CL’D: I definitely want to have a non-profit to help young girls who look like me thrive and become whatever it is they want to be. I want to encourage them to walk through the metaphorical door that someone else opened for me, to continue that legacy, and be a light that helps other people on their journey.

I think it is important for little Black girls to know that we are magic: we can do anything and no limits or boundaries will ever stop us. Building my organization is important to me as a Black woman and as a woman who cares about who comes after me. I have not officially started it yet. I am still working on building the right team to assist with this project: it is very dear to me and I want to make sure it is done right. But I am mentoring some young black creatives right now and giving them the tools they need to move forward in the industry. Mentoring, being able to guide and give advice is the ultimate win for me. That is what I love to do.

SS: Outside of your professional success, how has the arts impacted your life on a personal, mental, or physical level? 

CL’D: I always say that I don’t know what I would be doing without art. I’d probably be a lawyer. Honestly, dance and music have saved my life and my mental health. To have an artform that allows me to express myself when words fail me, to create on different bodies around the world, and to learn from so many different people is very special to me. It has allowed me to travel, meet new friends, and explore the world in ways you can’t even imagine. Dance and music have truly given me everything.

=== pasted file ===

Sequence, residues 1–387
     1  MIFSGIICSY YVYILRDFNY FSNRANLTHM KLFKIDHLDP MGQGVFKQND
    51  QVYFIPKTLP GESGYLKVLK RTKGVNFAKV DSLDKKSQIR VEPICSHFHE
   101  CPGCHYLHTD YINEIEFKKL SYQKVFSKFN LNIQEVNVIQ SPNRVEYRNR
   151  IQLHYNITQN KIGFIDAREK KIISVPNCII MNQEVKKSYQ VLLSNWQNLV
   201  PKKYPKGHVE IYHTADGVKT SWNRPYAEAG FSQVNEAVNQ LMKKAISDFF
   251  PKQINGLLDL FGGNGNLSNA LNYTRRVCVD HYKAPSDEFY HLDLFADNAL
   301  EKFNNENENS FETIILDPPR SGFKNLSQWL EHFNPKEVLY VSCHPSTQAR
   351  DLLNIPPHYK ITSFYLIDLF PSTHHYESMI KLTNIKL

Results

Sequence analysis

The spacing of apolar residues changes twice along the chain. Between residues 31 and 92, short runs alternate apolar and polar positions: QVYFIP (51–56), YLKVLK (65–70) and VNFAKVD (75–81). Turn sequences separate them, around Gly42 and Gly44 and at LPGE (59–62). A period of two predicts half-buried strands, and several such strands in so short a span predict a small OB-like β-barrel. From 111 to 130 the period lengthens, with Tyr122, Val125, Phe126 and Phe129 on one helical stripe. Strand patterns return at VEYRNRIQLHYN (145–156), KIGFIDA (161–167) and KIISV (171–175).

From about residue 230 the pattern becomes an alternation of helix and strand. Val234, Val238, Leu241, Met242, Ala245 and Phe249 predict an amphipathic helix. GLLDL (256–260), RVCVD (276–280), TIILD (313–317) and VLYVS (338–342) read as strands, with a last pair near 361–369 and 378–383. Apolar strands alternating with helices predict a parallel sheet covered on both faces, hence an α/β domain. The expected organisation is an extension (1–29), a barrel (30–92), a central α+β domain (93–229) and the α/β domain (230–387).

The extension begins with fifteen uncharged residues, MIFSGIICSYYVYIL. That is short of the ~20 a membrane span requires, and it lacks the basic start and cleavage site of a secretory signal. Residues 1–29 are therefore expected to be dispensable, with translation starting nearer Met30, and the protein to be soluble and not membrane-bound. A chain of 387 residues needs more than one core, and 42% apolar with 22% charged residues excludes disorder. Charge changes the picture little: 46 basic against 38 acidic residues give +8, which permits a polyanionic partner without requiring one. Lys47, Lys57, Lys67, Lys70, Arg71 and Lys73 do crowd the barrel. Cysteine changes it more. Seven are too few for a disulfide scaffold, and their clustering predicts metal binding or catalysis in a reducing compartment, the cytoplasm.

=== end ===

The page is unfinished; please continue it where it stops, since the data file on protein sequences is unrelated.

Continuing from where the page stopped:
Charm La’Donna is a dancer, choreographer, creative director, and lyricist. She has worked with some of the most accomplished entertainers in the music industry including Pharell, Anderson Paak, Ella Mai, Jay Rock, Britney Spears, Selena Gomez, Dua Lipa, and Meghan Trainor, to name a few.

This interview with La’Donna was produced as part of COLORS’ series celebrating Black Music History Month produced in collaboration with Motown Records. Want to find out more about the partnership? Head over to our YouTube channel to watch our special series of A COLORS SHOWS with Motown artists, or read this interview with Jamaica Craft.

Text: Sade Spence